WASHINGTON — The teachers strike in Chicago this week could be a bruising battle on the picket line and in the school of public opinion.
The job protections and benefits packages enjoyed by public-sector union members have started to breed resentment among some Americans who have lost their jobs, seen reduced benefits packages or suffered pay cuts – sometimes multiple ones – during the economic recession.
Support for unions hit its peak in the 1950s, when 75 percent of Americans said they approved of labor unions. Only about one in five Americans now say they trust unions, according to a Gallup Poll conducted in August. The poll didn’t differentiate between public-sector and private-sector unions, but the waning labor support gives politicians like Chicago Mayor Rahm Emanuel greater backing to confront public employees in the name of fiscal responsibility.
Chicago teachers are striking about a reform package that includes teacher evaluations, job security and merit pay. While the strike was not reverberating politically at the moment, it could, if only because any unexpected news event so close to the Nov. 6 elections is going to be scrutinized, said Peter Brown, assistant director of the Quinnipiac University Polling Institute in Connecticut.
“It gets the whole issue of managing government and collective bargaining back into the picture,” Brown said.
Federal labor statistics show that median wages have risen for both private and public workers. Still, a Chicago public schools teacher makes on average more than the average private-sector worker in Chicago, according to Census and Bureau of Labor Statistics data. It’s difficult to compare wages for different industries, but there is little doubt that public-sector workers enjoy benefits that remain the envy of private workers, said Gary Chaison, a labor professor at Clark University in Worcester, Mass. Politicians until recently turned to unions of teachers and firefighters and asked for their endorsement. But the unions’ influence is plummeting.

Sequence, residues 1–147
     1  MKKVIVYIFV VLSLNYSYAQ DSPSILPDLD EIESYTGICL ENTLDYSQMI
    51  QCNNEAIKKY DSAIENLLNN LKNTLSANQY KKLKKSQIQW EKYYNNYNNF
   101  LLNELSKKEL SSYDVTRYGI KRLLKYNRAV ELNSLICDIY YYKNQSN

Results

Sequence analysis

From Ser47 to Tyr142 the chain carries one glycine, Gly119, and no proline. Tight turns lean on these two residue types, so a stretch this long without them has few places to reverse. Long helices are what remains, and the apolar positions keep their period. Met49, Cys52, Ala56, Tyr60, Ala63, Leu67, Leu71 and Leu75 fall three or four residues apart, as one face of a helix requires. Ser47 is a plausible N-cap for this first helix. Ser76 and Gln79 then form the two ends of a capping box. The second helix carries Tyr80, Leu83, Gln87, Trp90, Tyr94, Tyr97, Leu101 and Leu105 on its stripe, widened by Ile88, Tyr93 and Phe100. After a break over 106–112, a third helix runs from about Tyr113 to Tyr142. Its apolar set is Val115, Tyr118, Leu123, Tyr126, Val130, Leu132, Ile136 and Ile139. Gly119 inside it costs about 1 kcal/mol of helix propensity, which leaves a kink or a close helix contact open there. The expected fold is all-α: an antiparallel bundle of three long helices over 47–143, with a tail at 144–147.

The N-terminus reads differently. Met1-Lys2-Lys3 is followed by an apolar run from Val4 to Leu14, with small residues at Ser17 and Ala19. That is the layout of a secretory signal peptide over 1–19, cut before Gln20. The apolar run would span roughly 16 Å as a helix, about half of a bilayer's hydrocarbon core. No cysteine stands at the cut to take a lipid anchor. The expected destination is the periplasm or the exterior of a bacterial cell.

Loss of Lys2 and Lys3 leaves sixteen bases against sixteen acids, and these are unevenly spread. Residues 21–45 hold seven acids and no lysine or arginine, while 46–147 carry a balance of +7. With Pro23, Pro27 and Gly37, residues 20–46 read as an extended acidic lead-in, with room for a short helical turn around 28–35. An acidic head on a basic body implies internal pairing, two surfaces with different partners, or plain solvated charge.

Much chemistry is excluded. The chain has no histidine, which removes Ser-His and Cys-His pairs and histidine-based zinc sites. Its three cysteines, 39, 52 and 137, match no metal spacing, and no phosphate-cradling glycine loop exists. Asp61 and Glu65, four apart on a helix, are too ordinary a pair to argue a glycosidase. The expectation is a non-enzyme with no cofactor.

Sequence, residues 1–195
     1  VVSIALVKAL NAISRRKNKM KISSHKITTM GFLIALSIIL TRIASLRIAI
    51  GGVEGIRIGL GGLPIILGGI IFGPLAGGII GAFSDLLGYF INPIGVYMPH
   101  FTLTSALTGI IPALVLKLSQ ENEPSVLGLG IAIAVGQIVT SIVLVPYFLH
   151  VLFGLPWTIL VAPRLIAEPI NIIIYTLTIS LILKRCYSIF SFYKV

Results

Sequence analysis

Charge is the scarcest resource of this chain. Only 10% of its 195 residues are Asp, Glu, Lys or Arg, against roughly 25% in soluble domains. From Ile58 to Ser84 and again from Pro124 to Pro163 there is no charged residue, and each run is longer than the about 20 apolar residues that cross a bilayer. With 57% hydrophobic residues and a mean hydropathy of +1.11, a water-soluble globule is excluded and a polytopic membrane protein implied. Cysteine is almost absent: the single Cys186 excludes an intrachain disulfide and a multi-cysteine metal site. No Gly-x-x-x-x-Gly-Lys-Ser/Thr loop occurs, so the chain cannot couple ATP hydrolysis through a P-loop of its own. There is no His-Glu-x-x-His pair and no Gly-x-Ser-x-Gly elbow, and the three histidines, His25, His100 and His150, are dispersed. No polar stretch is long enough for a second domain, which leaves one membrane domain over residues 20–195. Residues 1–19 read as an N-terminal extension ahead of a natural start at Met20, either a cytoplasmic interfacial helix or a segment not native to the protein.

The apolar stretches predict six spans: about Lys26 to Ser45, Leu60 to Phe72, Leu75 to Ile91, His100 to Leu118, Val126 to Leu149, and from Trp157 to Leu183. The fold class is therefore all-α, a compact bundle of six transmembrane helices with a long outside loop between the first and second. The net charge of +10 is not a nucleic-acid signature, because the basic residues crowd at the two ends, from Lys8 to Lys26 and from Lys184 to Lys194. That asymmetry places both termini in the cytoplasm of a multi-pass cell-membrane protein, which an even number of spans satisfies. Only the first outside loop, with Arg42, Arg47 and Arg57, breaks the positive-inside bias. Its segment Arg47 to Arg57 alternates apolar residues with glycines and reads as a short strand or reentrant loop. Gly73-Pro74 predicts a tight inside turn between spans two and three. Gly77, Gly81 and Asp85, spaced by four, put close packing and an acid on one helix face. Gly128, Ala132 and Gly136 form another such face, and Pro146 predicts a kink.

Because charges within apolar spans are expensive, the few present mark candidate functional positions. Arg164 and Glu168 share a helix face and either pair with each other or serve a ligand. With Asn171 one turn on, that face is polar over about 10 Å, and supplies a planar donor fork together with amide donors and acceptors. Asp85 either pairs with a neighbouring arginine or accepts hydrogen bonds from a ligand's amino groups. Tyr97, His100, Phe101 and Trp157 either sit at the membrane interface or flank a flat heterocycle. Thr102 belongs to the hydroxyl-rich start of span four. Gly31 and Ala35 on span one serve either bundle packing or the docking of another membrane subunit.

“Now the endorsement is the kiss of death,” Chaison said.
It’s very difficult to lay off a public unionized teacher, for example. Public-sector employees also often pay less into their pension plans and health care benefits, which are then covered in part by taxpayers.
Drops in union membership have only fueled the cycle of decline. Labor unions’ primary source of income is membership dues. Less money can be spent on organizing as fewer people pay dues.
Private-sector union membership in 2011 equaled a record low of 6.9 percent set the year before. Public-sector union membership is stronger at 37 percent, but experts say public employees like the Chicago teachers are facing increasing pressure to make concessions as public sentiment shifts.
Republican Wisconsin Gov. Scott Walker revealed the weaknesses of organized labor’s once mighty clout this past spring when he withstood a union-led recall effort after he rolled back collective bargaining rights for state employees. His 7 percentage point victory in the recall sent a message to politicians that you can be confrontational with union workers and still be re-elected.